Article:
Over the years it became more and more obvious that a commercial SAR would require more than just the space infrastructure, but rather would need value chains put into place to deliver geo-information derived from SAR, and would need to overcome the disadvantage of SAR over EO: SAR imagery just looks strange to the human eye; only experts can interpret them.
Space engineers that drive SAR system development tend to forget about these value chains, which are essential to convert SAR measurements into valuable information that earn money in the market. This missing element of the downstream services has only very slowly evolved through numerous pilot and applications research projects.
However, the market hesitated to adopt because of limitations, asking for better resolution (geospatial, temporal, thematic) and better reliability and stability of information services that lead to customer solutions without requiring SAR experts to elaborate solutions on a project by project basis. So the SAR market stayed at a fraction of 10-15% of the overall remote sensing market for years.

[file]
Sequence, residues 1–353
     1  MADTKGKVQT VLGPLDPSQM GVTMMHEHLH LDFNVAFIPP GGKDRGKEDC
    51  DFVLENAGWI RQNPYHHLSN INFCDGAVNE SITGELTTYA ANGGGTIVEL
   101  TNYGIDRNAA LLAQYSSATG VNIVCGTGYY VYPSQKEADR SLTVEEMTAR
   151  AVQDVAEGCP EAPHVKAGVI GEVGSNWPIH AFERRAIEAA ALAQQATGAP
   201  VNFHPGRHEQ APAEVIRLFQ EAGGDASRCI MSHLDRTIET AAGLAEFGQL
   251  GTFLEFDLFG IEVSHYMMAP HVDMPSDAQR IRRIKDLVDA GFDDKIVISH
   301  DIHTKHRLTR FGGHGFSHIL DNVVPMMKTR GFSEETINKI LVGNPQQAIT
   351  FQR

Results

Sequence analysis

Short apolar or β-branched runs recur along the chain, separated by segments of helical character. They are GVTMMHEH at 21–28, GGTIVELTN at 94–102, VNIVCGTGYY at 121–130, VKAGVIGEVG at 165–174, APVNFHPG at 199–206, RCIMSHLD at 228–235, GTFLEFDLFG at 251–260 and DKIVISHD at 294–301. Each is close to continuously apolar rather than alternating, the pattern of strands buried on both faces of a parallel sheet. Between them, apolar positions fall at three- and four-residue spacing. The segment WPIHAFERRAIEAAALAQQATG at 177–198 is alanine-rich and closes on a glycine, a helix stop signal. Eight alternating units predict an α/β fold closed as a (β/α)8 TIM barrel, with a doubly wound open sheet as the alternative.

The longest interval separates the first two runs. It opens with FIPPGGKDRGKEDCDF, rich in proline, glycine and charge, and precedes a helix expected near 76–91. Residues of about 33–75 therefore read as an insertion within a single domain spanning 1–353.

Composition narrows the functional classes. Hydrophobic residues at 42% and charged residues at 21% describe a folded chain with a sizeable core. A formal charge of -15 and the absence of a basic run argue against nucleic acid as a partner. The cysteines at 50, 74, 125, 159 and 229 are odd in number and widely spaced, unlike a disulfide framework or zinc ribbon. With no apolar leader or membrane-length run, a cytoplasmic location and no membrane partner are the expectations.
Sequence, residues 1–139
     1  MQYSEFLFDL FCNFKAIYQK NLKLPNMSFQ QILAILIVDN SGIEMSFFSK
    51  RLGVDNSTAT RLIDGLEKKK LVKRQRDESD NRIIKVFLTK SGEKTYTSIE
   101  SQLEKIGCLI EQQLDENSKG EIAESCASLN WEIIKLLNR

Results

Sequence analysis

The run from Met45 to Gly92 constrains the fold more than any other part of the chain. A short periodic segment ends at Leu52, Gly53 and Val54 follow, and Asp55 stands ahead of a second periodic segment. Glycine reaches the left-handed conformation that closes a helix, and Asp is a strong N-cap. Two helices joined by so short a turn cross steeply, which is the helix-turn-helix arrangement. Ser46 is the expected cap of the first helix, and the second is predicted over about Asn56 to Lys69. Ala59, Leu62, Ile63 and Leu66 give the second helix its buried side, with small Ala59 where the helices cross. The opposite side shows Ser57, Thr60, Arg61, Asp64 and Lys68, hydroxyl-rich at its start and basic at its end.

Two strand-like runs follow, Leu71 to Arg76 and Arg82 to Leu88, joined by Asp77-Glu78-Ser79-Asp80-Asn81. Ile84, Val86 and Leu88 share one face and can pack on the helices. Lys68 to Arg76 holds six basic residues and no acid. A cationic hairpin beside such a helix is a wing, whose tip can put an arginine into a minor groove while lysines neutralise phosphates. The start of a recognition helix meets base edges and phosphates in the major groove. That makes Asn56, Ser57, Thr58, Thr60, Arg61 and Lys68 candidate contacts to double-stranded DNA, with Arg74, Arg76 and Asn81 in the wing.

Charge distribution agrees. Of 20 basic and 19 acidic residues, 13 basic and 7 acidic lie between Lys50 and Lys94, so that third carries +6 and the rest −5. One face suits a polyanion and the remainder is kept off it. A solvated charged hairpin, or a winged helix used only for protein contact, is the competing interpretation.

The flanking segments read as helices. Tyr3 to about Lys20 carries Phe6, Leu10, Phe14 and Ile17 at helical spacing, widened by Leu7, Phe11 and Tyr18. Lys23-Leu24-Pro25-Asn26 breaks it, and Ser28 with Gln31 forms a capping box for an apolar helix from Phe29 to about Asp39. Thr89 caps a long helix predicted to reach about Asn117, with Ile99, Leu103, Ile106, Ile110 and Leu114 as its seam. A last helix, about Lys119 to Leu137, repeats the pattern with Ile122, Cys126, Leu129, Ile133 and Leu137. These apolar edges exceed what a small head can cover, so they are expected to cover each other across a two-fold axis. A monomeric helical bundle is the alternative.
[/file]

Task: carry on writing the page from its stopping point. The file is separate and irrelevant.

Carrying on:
STEPS INTO A GLORIOUS FUTURE FOR SAR
A SAR resolution is determined by flight direction (in flight direction it is largely driven by integration time over a spot on ground) through the spectral bandwidth that is available. For X-band SARs in space, the allowance for bandwidth was at 300 MHz, when the first commercial SARs were designed. The 300 MHz enabled 1-m resolution. After an extension to 600 MHz, the World Radio Frequency Conference in 2012 finally approved 1200 GHz of bandwidth in X-band for satellite SARs, corresponding to quarter-meter resolution.